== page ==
Clayoquot Sound Train 1993

In 1993 people "got on board"for Clayoquot and traveled by train across Canada to the Clayoquot Peace Camp, where many were arrested.

Indigenous Advocate Files Charges Against Imperial Metals Over Canada’s Biggest Mining Spill

November 21st, 2017

– Imperial Metals Mount Polley Mine Disaster from August 4, 2014. Photo: Common Sense Canadian.

    On the third anniversary of the Mount Polley mine disaster, and deadline for Provincial charges, August 4, 2017, Indigenous advocate Bev Sellars filed a private prosecution against Imperial Metals Mount Polley Mining Corporation at the Provincial Court of British Columbia in Vancouver. Sellars was Chief of Xat’sull First Nation when the disaster struck near her community 3 years earlier and needs funds to support her legal case.

“If we allow this disaster to go unchecked, it will be a free for all for resource extraction and the environment and all of us will pay the price. I could not bear to witness BC simply stepping aside and giving up on its responsibility to protect our shared environment and waters,” stated Bev Sellars. “In my culture, we have a sacred responsibility not only to care for the land, waters, animals, and people living today, but also for the next seven generations to come.”

    The legal action came after B.C.’s newly formed NDP-Green government announced it would not file charges before the August 4 deadline, stating that “an investigation was still ongoing.” This also presses the Trudeau government to enforce the federal Fisheries Act in the matter.

Sellars filed charges under 15 counts: 10 under the B.C. Environmental Management Act and 5 under the B.C. Mines Act. The main charges relate to the dumping of contaminated mining waste into the environment and surrounding waterways, and to poor and unsafe operational practices, allegedly in violation of multiple permit conditions and general provisions of both Acts and associated regulations. Sellars, a grandmother of 3, believes her action could be a test for B.C. laws.

“If B.C. laws cannot be enforced when such a massive mining spill occurs, then we have a serious problem in B.C. and we must act to fix these laws. Justice ultimately would be to make sure that nothing like this happens again. A message has to be sent to both governments and resource extraction companies that the industry has to be cleaned up. Profit is not the only goal, the environment and the people who depend on it have to be factored in.”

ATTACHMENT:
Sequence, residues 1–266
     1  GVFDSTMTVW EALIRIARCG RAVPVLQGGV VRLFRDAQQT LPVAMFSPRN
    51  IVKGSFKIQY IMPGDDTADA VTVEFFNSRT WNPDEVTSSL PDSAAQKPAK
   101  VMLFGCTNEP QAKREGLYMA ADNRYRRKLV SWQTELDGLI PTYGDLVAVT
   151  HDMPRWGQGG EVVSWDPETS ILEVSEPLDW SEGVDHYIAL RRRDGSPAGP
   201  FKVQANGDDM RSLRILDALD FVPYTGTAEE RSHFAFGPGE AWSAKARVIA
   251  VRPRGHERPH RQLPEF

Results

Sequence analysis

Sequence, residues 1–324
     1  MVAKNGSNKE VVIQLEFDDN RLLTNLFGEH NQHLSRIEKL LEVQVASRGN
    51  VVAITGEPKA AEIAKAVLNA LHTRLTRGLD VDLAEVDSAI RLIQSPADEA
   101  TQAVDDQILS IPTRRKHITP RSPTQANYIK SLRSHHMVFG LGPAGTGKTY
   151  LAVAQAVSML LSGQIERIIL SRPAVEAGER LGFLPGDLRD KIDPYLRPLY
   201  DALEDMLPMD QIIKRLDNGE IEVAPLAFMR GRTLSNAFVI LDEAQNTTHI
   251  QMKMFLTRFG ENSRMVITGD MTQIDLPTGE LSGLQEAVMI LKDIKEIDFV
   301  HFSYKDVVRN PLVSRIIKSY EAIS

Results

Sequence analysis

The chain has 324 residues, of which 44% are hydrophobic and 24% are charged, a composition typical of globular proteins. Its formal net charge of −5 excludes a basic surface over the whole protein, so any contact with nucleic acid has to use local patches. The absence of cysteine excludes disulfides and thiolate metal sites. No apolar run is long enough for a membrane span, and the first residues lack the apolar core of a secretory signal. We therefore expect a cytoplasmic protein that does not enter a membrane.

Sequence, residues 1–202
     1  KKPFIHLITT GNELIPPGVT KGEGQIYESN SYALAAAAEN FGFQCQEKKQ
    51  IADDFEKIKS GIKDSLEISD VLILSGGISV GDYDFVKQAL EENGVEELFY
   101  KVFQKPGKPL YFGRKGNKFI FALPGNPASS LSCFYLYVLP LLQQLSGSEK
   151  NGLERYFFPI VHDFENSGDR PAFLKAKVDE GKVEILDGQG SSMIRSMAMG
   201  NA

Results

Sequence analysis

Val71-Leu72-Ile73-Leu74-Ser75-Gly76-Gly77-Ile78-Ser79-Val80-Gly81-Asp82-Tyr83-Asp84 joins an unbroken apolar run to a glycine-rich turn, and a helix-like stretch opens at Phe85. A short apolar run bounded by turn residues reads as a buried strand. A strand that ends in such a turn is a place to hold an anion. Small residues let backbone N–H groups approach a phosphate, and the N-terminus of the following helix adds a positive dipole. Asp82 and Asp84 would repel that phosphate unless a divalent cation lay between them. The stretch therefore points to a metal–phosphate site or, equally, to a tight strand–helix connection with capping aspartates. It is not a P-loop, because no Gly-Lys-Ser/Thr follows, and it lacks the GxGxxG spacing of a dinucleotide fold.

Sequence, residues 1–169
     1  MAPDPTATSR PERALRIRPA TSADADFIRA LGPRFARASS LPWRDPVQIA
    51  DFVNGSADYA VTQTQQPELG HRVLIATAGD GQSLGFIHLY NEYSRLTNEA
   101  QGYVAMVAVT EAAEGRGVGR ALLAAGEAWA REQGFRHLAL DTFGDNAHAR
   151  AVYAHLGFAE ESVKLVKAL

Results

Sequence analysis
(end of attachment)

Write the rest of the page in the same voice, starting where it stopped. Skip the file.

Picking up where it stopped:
– Bev Sellars and Jacinda Mack outside the Provincial Court of British Columbia in Vancouver. Photo: Bev Sellars.

   Sellars has retained environmental lawyer Patrick Canning as legal counsel to lead a team including lawyer Matthew Nefsted, Uvic’s Environmental Law Centre, student volunteers, and senior advising lawyers. The next court appearance isNovember 29, 2017, to set the date for a process hearing

A private prosecution is an enormous amount of work, and this one is funded in part by West Coast Environmental Law’s Environmental Dispute Resolution Fund, but one of the conditions of their support is that the case be at least 30% funded by public donations.

Bev Sellars explained her case this way, “With the federal and provincial governments neglecting to enforce environmental protection laws, I’m stepping up and fundraising for our legal team to be ready to go to trial in 2018, please give us your support. Thank you.”

Donate to Bev Sellars’ Private Prosecution & Help Hold Imperial Metals Accountable


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